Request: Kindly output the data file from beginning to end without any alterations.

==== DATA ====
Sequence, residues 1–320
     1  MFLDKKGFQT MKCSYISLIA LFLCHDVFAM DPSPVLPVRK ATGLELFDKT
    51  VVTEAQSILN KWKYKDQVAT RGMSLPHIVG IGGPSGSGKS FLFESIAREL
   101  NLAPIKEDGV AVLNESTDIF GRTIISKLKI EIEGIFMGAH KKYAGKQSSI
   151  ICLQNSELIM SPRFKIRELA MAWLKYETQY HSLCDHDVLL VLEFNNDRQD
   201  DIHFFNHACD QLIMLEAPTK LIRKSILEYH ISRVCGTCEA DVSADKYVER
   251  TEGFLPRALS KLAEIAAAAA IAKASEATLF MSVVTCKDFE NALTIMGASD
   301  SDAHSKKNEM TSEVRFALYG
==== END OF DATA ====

Sequence, residues 1–320
     1  MFLDKKGFQT MKCSYISLIA LFLCHDVFAM DPSPVLPVRK ATGLELFDKT
    51  VVTEAQSILN KWKYKDQVAT RGMSLPHIVG IGGPSGSGKS FLFESIAREL
   101  NLAPIKEDGV AVLNESTDIF GRTIISKLKI EIEGIFMGAH KKYAGKQSSI
   151  ICLQNSELIM SPRFKIRELA MAWLKYETQY HSLCDHDVLL VLEFNNDRQD
   201  DIHFFNHACD QLIMLEAPTK LIRKSILEYH ISRVCGTCEA DVSADKYVER
   251  TEGFLPRALS KLAEIAAAAA IAKASEATLF MSVVTCKDFE NALTIMGASD
   301  SDAHSKKNEM TSEVRFALYG